In his keynote presentation, Governor John Kitzhaber of Oregon captured the role of community in environmental responsibility that Kennedy identified as so crucial. As a western state governor, he believes that sustainability represents the next major stage in the evolution of human endeavor. Just as products must be designed, so must our governance in order to define a society where economic prosperity, community livability and environmental stewardship are interdependent and synergistic as opposed to separate and in conflict.

Oregon has approached sustainability on two different levels and in two different roles. The first role is as a very large business, employer and consumer of resources; the second is as a facilitator where it tries to empower people by creating a setting in which citizens can come together to build quality communities and to solve shared place-based problems. As a business the state has addressed sustainability in a proactive yet traditional way. The state as facilitator, on the other hand, is based on the recognition that in many ways the very structure of state government hinders the kind of creative thinking that supports sustainability. The majority of Kitzhaber’s talk detailed how his administration is attempting to design a community-based governance structure, one that provides both the place and the opportunity for people to come together and find sustainable solutions.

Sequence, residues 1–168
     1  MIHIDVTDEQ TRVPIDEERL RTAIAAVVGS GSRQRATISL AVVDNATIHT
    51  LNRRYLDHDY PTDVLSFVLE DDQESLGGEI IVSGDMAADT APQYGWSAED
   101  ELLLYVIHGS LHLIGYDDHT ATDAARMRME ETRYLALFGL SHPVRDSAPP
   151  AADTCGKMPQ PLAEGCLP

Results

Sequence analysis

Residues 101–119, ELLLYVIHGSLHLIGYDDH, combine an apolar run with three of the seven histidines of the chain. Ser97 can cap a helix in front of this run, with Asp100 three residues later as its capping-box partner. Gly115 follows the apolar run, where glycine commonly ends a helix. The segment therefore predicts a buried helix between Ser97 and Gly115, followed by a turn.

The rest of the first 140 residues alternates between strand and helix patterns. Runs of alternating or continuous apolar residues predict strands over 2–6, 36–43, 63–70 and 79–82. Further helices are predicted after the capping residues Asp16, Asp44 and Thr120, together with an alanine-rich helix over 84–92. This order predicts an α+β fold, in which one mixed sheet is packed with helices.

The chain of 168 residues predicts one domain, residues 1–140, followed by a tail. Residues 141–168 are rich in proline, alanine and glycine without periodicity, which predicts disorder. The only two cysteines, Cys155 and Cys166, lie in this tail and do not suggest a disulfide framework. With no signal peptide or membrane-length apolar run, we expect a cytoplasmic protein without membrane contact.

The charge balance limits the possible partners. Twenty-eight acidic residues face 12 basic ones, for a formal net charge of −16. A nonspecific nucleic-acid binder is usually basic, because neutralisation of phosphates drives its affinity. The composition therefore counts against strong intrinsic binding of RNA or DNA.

As he has done at every Environ- Design, Bill McDonough opened the first morning of the conference. Joined by his partner, Michael Braungart, the architect and the chemist raised two questions they’ve challenged us with for years: How do we love all children of all species for all time? When do we become native to this place? Their talk attempted to provide answers, as does their new book, Cradle to Cradle: Remaking the Way We Make Things, just published and a brisk seller at the conference. Their premise revolves around the concepts of rematerialization and celebrating abundance rather than trying to reduce our negative impact—a completely different approach. As the only species on the planet that produces waste we need to look at ways of creating nutrients for biological and technical cycles. They cautioned that we mustn’t try to minimize our ecological footprint through increased efficiency, but rather put eco-effectiveness into practice. Their presentation was blunt, confrontational without being incendiary, and as is their habit, filled with humor and hope. Much of the audience was attending EnvironDesign for the first time. They, as well as those who have heard McDonough/Braungart before, came away wiser and inspired.